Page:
Nearly 400 migrants surrender to border agents near Lukeville; Tucson shelters ‘slammed’

Border Patrol agents encountered nearly 400 migrants west of Lukeville Tuesday morning — most of them children — in one of the largest groups encountered by Tucson Sector agents in the last year.

The migrants, mostly families from Central American countries, took charter buses to a spot on a Mexican highway just south of the U.S.-Mexico border.

They got off the buses and “then they all ran right across the border and waited for an agent to show up,” Roy Villareal, chief patrol agent for the Tucson Sector, said at an afternoon news conference.

The section of the border west of Lukeville, a small border town southwest of Tucson, is made up of vehicle barriers rather than a fence designed to stop pedestrians, Villareal said.

Agents started transporting 393 migrants around 6 a.m. and hadn’t stopped as of 4 p.m., Villareal said.

Most of the migrants were children, he said, including 199 children traveling with parents and 41 children traveling by themselves.

While agents in Southern Arizona were processing one large group of migrants, agents in the El Paso area were doing the same with a group of “close to 600” migrants, Villareal said.

Villareal said 40 large groups have crossed the border in the Tucson Sector in the past eight months, creating gaps in border security. On Tuesday, he shut down a checkpoint near Ajo so more agents could help process the migrants.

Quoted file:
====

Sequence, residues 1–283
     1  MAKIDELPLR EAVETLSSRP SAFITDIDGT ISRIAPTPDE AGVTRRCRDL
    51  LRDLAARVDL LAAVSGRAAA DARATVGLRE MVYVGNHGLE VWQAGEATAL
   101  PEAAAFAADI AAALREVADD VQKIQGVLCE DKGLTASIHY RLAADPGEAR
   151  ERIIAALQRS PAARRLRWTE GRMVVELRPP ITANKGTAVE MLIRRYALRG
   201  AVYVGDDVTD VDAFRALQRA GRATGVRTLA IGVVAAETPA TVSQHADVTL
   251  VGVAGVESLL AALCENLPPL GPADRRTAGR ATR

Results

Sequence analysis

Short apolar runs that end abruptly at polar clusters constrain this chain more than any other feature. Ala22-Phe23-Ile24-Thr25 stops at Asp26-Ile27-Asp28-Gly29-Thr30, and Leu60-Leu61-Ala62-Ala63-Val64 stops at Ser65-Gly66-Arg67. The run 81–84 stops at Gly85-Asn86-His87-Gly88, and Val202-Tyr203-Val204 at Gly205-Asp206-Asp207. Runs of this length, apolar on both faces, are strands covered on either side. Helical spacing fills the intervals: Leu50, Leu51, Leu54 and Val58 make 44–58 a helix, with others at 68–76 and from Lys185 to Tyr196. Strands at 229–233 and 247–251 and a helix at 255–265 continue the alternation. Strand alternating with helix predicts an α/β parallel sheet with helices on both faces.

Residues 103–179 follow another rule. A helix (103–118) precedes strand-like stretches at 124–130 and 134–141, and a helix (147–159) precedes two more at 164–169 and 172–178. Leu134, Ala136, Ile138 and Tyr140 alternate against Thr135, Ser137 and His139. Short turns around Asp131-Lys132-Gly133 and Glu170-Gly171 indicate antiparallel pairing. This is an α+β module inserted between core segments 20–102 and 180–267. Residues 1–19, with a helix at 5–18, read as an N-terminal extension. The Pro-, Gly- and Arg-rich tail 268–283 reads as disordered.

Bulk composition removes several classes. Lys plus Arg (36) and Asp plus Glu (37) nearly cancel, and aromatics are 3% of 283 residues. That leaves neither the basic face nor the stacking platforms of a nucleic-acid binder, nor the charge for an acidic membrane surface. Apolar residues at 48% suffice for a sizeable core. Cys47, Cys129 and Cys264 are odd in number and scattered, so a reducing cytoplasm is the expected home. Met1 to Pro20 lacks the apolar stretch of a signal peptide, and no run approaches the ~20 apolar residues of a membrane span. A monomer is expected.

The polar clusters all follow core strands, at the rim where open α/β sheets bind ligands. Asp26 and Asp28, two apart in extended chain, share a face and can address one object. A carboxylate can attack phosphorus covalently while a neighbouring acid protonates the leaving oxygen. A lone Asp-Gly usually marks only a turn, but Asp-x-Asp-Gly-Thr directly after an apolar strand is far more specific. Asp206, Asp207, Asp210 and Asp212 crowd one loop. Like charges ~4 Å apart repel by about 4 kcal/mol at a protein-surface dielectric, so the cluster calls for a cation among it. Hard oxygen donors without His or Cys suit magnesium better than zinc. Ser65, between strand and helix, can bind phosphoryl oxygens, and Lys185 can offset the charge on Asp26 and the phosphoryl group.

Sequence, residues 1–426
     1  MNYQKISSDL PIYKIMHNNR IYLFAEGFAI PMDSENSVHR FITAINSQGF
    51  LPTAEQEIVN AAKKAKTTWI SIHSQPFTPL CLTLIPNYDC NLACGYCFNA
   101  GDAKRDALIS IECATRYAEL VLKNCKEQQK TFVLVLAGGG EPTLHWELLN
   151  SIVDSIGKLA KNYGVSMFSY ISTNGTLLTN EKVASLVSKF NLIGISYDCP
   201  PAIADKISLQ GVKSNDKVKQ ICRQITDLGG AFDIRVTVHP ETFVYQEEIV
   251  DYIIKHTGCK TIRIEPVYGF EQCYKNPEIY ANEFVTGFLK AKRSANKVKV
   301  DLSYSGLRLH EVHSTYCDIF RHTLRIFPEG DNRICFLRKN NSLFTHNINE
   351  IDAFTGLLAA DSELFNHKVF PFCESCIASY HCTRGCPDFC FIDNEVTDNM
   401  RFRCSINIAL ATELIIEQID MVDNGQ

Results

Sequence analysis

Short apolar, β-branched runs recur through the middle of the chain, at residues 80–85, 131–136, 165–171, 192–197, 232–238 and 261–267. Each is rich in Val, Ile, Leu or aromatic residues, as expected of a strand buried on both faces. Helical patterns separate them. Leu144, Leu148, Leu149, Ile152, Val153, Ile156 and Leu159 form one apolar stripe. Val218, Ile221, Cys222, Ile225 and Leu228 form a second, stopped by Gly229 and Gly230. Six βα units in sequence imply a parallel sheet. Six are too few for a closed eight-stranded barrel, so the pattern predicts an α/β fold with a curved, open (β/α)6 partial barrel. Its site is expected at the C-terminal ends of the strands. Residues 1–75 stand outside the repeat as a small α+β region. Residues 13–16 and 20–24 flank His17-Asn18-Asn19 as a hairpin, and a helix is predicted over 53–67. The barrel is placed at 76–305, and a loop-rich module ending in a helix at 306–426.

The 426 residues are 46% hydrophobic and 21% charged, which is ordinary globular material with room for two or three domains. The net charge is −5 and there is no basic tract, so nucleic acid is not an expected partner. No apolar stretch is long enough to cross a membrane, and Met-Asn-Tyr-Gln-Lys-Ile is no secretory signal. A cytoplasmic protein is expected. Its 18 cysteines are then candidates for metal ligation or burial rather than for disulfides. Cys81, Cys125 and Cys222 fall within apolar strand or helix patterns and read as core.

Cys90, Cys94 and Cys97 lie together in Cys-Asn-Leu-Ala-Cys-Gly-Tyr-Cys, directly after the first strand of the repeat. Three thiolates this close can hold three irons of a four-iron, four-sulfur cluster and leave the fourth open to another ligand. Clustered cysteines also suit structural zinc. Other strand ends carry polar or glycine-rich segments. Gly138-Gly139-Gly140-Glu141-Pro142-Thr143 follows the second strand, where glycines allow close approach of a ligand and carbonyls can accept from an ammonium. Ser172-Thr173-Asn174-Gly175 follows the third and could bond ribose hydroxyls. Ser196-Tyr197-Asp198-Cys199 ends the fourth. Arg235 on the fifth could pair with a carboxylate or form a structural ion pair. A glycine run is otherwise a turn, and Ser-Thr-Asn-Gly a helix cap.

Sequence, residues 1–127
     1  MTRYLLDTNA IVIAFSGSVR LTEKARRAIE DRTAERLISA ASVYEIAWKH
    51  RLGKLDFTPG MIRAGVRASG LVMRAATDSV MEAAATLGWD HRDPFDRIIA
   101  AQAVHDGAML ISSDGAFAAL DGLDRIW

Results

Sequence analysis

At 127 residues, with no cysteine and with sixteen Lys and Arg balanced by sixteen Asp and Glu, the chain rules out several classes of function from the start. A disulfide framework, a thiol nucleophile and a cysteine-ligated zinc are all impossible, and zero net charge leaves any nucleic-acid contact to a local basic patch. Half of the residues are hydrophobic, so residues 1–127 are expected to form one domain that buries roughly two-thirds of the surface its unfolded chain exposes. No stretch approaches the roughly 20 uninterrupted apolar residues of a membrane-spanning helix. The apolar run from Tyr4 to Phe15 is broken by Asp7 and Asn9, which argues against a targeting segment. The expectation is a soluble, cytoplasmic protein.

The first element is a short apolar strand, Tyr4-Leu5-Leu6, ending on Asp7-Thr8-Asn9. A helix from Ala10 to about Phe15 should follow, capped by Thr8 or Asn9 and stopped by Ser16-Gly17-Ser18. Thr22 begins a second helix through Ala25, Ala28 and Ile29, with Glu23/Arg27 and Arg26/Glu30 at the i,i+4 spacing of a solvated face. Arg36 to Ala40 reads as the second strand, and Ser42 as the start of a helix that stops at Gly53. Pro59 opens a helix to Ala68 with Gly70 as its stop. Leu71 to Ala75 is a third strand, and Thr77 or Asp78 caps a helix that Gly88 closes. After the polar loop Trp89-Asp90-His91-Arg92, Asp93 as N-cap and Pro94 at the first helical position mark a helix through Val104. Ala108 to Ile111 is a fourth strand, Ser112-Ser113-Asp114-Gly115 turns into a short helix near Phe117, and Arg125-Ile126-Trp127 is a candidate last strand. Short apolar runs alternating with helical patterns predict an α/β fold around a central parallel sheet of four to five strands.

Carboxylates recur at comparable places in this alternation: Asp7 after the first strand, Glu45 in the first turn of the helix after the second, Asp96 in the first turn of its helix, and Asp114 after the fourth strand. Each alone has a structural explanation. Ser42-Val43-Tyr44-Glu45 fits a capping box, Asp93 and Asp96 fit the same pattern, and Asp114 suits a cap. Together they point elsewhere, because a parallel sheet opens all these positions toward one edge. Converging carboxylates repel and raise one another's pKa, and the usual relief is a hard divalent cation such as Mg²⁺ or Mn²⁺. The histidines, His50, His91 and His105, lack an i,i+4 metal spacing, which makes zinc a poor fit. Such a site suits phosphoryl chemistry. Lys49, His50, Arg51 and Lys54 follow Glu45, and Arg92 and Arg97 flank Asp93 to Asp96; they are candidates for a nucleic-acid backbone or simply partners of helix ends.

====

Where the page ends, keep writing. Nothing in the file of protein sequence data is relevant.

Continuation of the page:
“Let’s not be deceived here. This is an orchestrated effort by a criminal syndicate” that generates thousands of dollars by bringing migrants to cross the border, he said.

The group was apparently the largest encountered by Tucson Sector agents since groups of 50 or more migrants started arriving near Lukeville last year, according to news releases from the Tucson Sector.

The largest previous group had 325 people, including nearly 150 children. They surrendered to agents on Feb. 7.

In Tucson, local shelters are taking in some of the families after they are processed by Immigration and Customs Enforcement and released to pursue asylum claims.

“We are getting slammed,” said Sarah Reed, manager of the Rincon Migrant Shelter in Tucson, adding the “need is great” for more shelters.

Immigration agencies do not have enough space to house the families, she said, and without shelters “they would be out on the street.”

Instead, families spend a couple of days at local shelters, where they can eat, shower and prepare to “get where they’re going,” Reed said.

The former Benedictine Monastery is taking in hundreds of families, said Steve Kozachik, a Tucson city councilman who volunteers with the monastery.

“We are absolutely struggling to keep pace,” he said.

The volunteers are working with other faith-based organizations in Tucson to find more space, Kozachik said. He applauded the “all hands on deck” attitude of the Tucson community, but he said they are facing a problem: Winter visitors make up a large part of the local volunteer base, and they are leaving.

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